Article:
Road Rights- Getting The Story Straight
By Bob Mionske
Shortly after 8 a.m. on March 29 in San Francisco, Sutchi Hui waited patiently on a Castro District street corner. When the light changed, Hui, 71, stepped into the crosswalk with his wife and began crossing the street. Moments later, he was sent sprawling to the pavement as Chris Bucchere, a cyclist, slammed into him.
Bucchere later explained that the light had changed so fast, the crosswalk filled with people before he had time to stop. “I laid it down and just plowed through the crowded crosswalk in the least-populated place I could find,” he said.
Sutchi Hui was hospitalized in stable condition with head injuries, but four days after the crash, he took a turn for the worse and succumbed to his injuries. The coroner determined his cause of death to be “blunt force head trauma,” and Bucchere was suddenly facing the possibility of vehicular homicide charges. Of course, the case was already loaded with inflammatory potential. It was the second cyclist-on-pedestrian fatality within a year, and reinforced the commonly held view that cyclists are a bunch of dangerous scofflaws.
Bucchere’s behavior, before the crash and online afterwards, won him no sympathizers, drawing criticism from cyclists and non-cyclists alike.
And then the evidence against Bucchere started making its way into the news. Eyewitnesses alleged that Bucchere had been speeding through multiple intersections before the crash, ignoring stop signs and red lights. And Bucchere’s GPS data confirmed that he had been traveling above 35 mph when he entered the fatal intersection, on a street with a 25-mph speed limit. There was also video evidence from the scene, which showed Bucchere racing through the intersection, making no effort to slow or change direction.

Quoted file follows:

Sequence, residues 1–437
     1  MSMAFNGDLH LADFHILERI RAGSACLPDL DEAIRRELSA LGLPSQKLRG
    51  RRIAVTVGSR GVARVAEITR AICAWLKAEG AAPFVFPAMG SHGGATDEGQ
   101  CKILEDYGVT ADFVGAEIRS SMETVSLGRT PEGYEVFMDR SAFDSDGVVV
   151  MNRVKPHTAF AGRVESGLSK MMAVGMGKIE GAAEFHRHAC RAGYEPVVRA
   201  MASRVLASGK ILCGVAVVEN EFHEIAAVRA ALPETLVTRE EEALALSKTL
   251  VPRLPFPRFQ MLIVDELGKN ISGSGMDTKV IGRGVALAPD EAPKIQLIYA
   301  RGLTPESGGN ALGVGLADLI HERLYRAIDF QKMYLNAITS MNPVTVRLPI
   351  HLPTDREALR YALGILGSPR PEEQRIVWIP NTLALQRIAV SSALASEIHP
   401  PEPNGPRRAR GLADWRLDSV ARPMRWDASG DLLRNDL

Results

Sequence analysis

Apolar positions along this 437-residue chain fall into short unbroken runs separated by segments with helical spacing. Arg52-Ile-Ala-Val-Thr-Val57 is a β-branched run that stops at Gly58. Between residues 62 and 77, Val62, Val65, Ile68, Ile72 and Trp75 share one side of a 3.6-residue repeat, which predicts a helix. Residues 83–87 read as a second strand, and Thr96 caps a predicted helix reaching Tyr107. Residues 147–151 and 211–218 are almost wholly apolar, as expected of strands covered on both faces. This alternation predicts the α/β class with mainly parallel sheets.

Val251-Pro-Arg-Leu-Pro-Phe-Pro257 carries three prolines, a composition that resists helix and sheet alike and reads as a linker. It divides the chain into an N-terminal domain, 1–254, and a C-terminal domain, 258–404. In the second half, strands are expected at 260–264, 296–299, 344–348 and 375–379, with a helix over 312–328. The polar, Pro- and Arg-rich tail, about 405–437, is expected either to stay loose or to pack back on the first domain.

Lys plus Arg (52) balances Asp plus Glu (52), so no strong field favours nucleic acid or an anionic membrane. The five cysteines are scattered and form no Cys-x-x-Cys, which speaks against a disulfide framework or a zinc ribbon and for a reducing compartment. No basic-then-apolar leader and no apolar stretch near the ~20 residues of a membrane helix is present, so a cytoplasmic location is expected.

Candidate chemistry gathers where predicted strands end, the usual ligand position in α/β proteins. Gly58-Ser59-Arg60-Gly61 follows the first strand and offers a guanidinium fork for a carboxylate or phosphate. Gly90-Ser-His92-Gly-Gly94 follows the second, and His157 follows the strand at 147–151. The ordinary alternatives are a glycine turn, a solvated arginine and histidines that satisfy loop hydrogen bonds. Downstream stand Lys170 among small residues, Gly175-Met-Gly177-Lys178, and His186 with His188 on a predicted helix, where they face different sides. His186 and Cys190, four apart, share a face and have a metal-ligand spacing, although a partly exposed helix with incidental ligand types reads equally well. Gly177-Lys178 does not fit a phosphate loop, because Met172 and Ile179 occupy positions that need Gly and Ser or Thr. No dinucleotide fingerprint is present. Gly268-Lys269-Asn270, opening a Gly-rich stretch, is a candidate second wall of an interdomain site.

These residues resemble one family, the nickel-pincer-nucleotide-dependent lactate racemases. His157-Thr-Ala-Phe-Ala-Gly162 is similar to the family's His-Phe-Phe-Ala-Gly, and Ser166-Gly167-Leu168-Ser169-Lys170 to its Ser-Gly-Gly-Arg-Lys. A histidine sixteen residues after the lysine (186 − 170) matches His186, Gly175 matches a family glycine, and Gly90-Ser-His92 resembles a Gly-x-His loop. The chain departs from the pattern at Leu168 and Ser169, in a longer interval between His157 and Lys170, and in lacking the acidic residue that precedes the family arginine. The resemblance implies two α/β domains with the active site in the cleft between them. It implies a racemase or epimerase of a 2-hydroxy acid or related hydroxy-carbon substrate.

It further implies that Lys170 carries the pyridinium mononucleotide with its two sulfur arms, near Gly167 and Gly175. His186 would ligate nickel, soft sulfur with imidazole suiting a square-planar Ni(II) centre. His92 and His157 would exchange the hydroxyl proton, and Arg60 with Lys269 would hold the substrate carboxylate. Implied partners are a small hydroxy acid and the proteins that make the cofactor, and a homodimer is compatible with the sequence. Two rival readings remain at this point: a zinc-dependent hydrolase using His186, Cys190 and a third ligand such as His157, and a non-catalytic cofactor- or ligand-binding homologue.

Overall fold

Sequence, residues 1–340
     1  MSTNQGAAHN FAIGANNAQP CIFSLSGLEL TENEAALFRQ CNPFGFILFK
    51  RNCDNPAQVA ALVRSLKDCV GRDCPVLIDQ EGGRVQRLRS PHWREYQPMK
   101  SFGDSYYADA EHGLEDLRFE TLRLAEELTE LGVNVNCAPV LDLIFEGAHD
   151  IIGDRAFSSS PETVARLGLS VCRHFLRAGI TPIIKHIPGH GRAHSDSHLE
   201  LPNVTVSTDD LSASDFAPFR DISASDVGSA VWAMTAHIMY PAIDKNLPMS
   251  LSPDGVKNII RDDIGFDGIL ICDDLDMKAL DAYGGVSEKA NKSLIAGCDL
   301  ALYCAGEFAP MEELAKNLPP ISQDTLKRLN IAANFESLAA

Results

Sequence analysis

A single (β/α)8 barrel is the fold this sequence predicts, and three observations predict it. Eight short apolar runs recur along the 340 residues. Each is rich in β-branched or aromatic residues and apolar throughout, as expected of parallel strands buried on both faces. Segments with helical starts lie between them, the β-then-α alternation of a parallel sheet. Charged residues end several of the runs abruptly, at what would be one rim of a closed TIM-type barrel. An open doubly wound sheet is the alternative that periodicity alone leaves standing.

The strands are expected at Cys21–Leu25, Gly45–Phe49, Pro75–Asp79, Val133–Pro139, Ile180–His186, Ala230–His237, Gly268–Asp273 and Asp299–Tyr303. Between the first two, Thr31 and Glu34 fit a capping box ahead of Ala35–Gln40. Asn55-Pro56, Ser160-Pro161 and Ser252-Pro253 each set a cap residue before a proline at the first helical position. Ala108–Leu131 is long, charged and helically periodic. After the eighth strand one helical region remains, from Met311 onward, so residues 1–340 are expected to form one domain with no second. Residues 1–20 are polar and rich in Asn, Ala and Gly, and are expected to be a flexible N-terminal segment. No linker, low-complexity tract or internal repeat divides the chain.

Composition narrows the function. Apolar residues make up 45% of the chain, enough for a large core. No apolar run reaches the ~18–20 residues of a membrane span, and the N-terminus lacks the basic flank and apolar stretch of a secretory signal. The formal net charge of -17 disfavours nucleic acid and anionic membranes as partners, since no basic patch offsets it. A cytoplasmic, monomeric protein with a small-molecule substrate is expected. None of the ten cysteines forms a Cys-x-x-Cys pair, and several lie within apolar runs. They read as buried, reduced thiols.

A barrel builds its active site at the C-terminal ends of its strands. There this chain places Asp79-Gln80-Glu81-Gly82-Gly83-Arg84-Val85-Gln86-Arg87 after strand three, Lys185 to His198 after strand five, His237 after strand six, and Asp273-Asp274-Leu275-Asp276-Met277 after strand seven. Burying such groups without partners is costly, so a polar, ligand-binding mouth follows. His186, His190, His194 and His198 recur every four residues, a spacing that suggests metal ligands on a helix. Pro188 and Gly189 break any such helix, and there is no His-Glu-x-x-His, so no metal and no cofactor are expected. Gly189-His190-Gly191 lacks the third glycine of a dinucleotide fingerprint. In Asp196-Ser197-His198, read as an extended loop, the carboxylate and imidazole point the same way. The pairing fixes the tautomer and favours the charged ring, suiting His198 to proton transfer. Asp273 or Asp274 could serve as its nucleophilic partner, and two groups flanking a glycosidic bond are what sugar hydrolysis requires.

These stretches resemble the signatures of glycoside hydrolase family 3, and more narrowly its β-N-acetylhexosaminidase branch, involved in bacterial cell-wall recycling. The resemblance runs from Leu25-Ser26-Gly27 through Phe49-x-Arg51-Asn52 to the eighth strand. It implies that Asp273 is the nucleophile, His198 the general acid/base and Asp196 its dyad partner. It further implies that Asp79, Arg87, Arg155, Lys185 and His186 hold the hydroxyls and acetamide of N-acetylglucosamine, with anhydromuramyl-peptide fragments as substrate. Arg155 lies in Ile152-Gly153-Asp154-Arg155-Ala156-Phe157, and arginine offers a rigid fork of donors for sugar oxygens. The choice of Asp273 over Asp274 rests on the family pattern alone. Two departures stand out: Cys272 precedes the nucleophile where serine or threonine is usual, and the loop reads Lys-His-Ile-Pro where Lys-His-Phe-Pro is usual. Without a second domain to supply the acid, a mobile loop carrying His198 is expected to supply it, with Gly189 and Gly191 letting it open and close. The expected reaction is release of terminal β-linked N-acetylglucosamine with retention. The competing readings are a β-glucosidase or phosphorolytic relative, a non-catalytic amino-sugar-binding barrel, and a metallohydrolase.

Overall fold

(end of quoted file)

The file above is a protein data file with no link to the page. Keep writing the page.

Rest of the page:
The San Francisco district attorney characterized Bucchere’s behavior as evidence of gross negligence, and because gross negligence was being alleged, San Francisco District Attorney George Gascon announced this week that Bucchere will be arraigned on a charge of felony vehicular manslaughter.
It’s easy to be outraged by this story. And if the allegations are true, we should be outraged. But there’s another aspect of this story that’s less apparent, but no less outrageous.
Since the previous August, there have been three pedestrian deaths within the same neighborhood. One was the collision between Bucchere and Hui, another involved a bus driver who didn’t see a pedestrian in a crosswalk, and the third involved a motorist who struck a pedestrian while driving with a cast on his right foot.
And yet, while San Francisco’s bicycle foes pointed to the death of Sutchi Hui as an example of reckless cyclists run amok, there was not a peep of public outrage about reckless drivers when Emily Dunn or William Cox was run down. Why?